Abstract deadline: May 9, 2008
Full paper deadline: May 12, 2008, 5pm US/Pacific
The ubiquitous nature of information and communication today is often cited as the cause of many security and privacy problems including identity and reputation management, viruses/worms and phishing/pharming. There is strong evidence, however, that this abundance of information and communication has at least as many security and privacy benefits as costs. Consider for example, the use of machine learning algorithms to detect network intrusions, crowd-based approaches to anonymous communication and the use of data mining algorithms to determine content sanitization. All of these efforts benefit from recent advances in AI, which have often been driven by increases in the amount of available data.
To fully realize the security and privacy benefits of today's ubiquitous information, the security community needs expertise in the tools and techniques for managing that information, namely, artificial intelligence technology, and the AI community needs an understanding of security and privacy problems. To facilitate an exchange of ideas between these two communities, we are holding the first workshop in "AISec" in conjunction with the 15th ACM Conference on Computer and Communications Security (CCS), the new field of security and privacy solutions that leverage AI technologies. Our full-day workshop will be a mix of technical papers and position papers with ideas for AISec's future.
Topics of interest include, but are not limited to:
- Spam detection
- Fraud detection (e.g. clickfraud, advertisement fraud)
- Botnet detection
- Intrusion detection
- Malware identification
- Insider threat detection
- Privacy-preserving data mining
- Inference detection and control
- Phishing detection and prevention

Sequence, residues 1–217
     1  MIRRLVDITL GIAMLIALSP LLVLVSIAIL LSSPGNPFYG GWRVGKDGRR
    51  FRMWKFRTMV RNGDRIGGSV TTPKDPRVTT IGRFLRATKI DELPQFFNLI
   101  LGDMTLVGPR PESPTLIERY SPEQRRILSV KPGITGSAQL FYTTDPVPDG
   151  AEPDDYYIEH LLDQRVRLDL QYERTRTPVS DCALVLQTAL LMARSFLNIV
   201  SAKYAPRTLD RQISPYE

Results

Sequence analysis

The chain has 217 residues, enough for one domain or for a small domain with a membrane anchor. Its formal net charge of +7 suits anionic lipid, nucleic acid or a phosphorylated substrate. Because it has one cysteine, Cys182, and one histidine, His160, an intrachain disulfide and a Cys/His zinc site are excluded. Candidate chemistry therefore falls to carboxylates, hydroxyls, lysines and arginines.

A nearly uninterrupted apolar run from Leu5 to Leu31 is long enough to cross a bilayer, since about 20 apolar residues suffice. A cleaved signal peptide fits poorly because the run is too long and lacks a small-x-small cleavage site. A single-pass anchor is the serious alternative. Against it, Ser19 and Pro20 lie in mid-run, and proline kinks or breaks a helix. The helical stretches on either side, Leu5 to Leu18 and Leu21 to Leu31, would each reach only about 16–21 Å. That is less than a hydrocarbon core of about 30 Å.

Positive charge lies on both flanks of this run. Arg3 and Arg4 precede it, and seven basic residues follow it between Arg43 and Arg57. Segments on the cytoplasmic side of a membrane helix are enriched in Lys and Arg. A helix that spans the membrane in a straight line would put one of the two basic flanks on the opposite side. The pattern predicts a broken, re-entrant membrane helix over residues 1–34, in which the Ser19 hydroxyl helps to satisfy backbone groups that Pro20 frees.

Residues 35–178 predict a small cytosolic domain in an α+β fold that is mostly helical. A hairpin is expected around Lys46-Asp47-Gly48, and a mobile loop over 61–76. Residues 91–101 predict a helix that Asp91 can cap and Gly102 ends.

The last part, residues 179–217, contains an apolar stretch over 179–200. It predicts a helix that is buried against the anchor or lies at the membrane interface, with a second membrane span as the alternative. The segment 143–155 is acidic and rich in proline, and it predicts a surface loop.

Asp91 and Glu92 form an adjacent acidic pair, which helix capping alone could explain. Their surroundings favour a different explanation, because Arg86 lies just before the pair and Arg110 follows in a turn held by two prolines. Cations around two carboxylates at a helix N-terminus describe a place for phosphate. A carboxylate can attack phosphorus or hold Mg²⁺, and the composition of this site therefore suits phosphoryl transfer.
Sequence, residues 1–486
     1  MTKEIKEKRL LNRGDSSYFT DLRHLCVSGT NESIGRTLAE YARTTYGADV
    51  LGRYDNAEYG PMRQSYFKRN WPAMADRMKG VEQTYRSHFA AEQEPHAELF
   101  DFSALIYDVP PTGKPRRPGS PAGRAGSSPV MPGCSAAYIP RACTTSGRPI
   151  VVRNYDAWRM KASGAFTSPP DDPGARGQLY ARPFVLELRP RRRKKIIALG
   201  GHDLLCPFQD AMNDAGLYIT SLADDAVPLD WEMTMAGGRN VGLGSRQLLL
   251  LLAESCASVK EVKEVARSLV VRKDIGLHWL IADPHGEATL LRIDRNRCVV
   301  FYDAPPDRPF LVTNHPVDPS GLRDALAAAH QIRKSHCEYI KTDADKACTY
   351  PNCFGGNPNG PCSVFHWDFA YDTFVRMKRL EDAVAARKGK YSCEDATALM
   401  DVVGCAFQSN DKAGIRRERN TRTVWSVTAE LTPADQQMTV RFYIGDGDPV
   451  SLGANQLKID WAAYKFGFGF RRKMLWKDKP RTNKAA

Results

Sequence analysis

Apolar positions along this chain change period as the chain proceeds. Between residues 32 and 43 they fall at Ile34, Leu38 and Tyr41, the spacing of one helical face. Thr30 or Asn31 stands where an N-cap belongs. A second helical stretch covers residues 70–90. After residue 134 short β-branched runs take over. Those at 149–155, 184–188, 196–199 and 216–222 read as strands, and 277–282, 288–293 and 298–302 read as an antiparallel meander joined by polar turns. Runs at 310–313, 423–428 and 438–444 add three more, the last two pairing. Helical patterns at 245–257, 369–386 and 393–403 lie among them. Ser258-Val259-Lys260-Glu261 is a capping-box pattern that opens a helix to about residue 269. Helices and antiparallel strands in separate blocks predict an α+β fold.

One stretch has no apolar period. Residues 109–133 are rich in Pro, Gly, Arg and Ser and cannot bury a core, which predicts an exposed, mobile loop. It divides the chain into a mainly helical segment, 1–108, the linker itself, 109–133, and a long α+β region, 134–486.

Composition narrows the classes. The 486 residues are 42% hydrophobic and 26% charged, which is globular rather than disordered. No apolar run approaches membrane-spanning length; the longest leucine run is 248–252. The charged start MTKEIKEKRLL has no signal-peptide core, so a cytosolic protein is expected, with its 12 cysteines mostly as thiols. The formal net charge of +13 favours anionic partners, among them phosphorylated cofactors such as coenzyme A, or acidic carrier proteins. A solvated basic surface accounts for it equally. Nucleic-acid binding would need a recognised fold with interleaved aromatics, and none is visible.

- Design and analysis of CAPTCHAs
- AI approaches to trust and reputation
- Machine learning techniques for optimizing user experience
- Vulnerability testing through intelligent probing (e.g. fuzzing)
- Content-driven security policy management & access control
- Techniques and methods for generating training and test sets
We invite original research papers describing significant results using AI techniques to address security and/or privacy problems. We also invite position papers discussing the role of AI in security and privacy. Submitted papers may not substantially overlap papers that have been published or that are simultaneously submitted to a journal or conference with proceedings.
Research submissions should be at most 12 pages excluding the bibliography and well-marked appendices using single-column, 11-point font and reasonable margins on letter-size paper, and at most 15 pages total. Committee members are not required to read the appendices, and so the paper should be intelligible without them. Position papers should be at most 6 pages long in total using the same guidelines as above. Submissions need not be anonymized.
Submission deadline: May 9, 2008 (You need to submit at least your abstracts by this date)
Final deadline: May 12, 2008, 5pm PDT (You need to have submitted an abstract by 5/9 in order to submit a paper on 5/12)
Author notifications: July 3, 2008
Camera ready papers due: August 10, 2008 (Firm deadline)
Proceedings delivered: 3rd week of October 2008
Workshop: October 27, 2008
Authors of accepted papers are expected to give full presentations at the workshop. Proceedings will be published by the ACM.
Monica Chew, Google
Natalie Glance, Google
Zulfikar Ramzan, Symantec
Paul Thompson, Dartmouth